Pastor Lesley Jones speaks during the opening minutes of a Sunday morning worship service at Truth & Destiny Covenant Ministries Fellowship in Mount Airy.
From a young age, Pastor Lesley Jones knew she was called to some sort of ministry. Concurrent life and spiritual journeys led her to what she now calls a “radically inclusive” one.
Jones, now the senior pastor at Truth and Destiny United Church of Christ in Mt. Airy, spent time as a youth minister and started seeing where the church doctrine became a concern for LGBTQ youth and their families.
“They were saying, ‘I want my child to experience all people,'” she said. “And, ‘I don’t understand; if God loves all people, what prevents people from being active in a church if they are gay, or trans, or whatever?'”
Jones left the job and took a couple of years to talk to people, study scripture and pray.
“One thing I couldn’t run away from was I knew there was a call to ministry on my life personally,” she said. “People wanted a place where they could ask questions without being criticized or ostracized. And it wasn’t just questions about sexuality, it was about the existence of God and [traditions of the church].”
Jones founded Truth and Destiny Covenant in 2003 in Mount Airy to change the way people saw the role of the church.
“If God loves all people, it’s not my church to say you’re not welcome,” she said. “I’m about being radically inclusive.”
Since its founding, Jones says the church — which is now part of the United Church of Christ — has hosted bikers, drag queens, even animals for blessings and fellowship. Its building on West North Bend Road is also open to other congregations looking for a starter space.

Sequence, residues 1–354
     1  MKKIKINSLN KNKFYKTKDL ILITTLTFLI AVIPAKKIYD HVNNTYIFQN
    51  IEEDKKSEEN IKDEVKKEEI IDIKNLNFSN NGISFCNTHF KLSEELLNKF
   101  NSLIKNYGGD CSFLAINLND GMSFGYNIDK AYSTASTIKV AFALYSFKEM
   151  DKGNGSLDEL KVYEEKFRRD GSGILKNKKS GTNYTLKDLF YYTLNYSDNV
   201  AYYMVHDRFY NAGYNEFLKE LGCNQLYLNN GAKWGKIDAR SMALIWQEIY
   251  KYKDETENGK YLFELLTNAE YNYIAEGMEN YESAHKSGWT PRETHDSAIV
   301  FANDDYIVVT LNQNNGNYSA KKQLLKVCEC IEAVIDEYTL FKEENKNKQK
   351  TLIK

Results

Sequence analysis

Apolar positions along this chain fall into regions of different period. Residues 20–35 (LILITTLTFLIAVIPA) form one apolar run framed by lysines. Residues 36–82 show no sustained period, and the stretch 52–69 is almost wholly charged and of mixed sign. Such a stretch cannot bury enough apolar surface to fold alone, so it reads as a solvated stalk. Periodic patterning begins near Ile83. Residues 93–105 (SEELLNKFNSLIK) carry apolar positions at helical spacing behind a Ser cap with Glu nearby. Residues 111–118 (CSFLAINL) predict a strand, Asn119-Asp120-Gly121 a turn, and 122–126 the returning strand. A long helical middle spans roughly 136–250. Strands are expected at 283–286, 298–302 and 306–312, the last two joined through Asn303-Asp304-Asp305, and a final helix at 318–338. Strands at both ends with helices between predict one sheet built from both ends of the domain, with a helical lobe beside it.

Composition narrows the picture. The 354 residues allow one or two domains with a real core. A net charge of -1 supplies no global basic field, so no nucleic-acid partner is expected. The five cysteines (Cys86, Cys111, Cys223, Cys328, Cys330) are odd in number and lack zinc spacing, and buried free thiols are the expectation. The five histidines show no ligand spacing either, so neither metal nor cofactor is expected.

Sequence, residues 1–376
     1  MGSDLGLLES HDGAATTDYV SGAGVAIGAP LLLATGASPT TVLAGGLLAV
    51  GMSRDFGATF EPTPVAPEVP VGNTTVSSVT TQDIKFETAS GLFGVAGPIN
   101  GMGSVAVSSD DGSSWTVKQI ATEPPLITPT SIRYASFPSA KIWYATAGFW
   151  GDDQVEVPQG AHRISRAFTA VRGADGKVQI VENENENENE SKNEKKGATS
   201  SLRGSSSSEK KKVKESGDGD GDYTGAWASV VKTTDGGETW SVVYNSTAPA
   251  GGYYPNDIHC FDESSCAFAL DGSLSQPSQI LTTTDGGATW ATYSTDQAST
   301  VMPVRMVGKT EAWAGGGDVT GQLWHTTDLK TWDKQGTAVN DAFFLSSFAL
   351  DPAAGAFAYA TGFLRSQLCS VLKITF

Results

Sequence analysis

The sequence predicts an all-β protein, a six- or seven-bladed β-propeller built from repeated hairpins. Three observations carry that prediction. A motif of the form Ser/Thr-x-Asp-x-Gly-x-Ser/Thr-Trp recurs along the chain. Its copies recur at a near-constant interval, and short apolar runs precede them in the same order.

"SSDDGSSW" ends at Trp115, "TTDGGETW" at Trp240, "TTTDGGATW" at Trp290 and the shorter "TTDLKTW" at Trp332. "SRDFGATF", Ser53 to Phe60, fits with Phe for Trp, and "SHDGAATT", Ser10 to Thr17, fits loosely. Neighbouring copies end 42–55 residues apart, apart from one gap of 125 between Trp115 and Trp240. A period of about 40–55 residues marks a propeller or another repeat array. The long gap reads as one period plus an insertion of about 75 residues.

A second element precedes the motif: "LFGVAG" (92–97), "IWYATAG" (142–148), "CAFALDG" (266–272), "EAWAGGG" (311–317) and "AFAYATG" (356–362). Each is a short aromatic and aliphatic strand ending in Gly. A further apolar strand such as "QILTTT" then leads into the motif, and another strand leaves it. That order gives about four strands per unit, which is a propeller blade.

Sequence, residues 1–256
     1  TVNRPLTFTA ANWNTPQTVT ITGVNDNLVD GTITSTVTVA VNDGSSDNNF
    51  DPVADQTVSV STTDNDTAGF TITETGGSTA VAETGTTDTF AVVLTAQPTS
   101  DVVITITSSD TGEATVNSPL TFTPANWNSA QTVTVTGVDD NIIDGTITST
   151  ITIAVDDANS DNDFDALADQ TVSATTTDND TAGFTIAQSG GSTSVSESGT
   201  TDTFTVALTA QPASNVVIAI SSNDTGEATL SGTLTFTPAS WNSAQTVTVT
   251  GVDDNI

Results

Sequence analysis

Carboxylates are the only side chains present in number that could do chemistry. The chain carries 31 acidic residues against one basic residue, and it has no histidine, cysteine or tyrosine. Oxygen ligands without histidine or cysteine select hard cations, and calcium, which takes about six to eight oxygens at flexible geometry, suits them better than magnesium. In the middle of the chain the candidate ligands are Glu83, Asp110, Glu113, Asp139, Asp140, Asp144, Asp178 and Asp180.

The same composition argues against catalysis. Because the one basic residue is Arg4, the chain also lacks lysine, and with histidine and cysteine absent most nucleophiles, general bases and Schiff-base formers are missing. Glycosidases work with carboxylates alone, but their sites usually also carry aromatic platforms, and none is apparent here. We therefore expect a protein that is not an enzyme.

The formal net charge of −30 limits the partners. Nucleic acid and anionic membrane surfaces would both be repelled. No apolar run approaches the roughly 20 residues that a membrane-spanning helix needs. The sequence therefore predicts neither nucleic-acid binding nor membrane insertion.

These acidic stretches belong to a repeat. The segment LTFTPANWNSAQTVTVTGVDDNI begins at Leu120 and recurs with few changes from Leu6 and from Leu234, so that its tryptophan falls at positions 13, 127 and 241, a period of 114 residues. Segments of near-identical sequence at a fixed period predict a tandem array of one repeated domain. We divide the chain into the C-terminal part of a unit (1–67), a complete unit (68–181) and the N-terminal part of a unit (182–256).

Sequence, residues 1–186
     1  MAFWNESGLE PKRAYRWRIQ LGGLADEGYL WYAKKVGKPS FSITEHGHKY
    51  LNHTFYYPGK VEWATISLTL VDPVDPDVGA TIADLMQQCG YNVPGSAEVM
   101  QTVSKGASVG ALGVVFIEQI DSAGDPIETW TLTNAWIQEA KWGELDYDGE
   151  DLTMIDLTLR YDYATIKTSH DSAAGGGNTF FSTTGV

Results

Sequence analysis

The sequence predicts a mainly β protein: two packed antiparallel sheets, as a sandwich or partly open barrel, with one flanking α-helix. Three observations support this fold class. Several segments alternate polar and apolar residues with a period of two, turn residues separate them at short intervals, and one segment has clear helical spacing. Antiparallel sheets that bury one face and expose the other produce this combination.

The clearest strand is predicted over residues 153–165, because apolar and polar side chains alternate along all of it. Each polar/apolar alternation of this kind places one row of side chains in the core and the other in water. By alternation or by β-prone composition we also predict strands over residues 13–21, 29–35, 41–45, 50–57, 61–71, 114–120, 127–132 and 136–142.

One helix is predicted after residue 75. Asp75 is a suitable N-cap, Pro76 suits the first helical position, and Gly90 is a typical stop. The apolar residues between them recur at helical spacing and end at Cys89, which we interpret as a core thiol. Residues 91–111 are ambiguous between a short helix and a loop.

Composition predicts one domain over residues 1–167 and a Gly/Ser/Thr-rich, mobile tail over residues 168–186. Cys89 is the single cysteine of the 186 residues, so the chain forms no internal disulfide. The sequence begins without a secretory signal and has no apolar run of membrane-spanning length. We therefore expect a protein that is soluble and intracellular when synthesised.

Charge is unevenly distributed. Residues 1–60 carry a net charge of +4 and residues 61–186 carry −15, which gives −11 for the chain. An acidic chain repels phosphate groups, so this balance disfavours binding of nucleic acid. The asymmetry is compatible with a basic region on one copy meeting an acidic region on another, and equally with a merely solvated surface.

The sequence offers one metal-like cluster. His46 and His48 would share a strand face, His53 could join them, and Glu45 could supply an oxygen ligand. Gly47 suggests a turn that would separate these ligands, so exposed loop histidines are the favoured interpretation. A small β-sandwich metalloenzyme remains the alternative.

Jones even renewed her wedding vows with her wife of 11 years at the end of one service, after same-sex marriage became legal nationwide in 2015.
She said she’s heard the arguments and concerns about LGBTQ communities so often associated with the church that it doesn’t frustrate her anymore.
“When I hear them say, ‘Love the sinner, hate the sin,’ I look at them and say, ‘And sin is sin,'” she said. “So you must be loving a lot of people and hating a lot of things because it can’t just be that one.”
Jones said the COVID-19 pandemic further strengthened her belief that churches must adapt to changing habits and mindsets. This summer’s Sunday services are programmed around service work in the surrounding community, music, and even fun outings.https://4c190bdfda2017e9b2df688831c59abe.safeframe.googlesyndication.com/safeframe/1-0-38/html/container.html
“I don’t think that’s God’s work, when people deny people access to God,” she said.
Jones, who has also been a social justice advocate in our community, recently dabbled in politics by running for Cincinnati City Council in 2017. But she said fostering community for all people and showing them God loves them is her mission.
“People get confused about, ‘How can you say that God loves me, but yet the people that say they love God hate me and abuse me and exclude me?'” she said. “So I’m not asking you to change who you are or change what you do; can you just bring it and let’s see how God will use it?”
Reframing religion and showing God’s grace to people historically marginalized by churches makes Jones one of the Tri-State’s points of pride.
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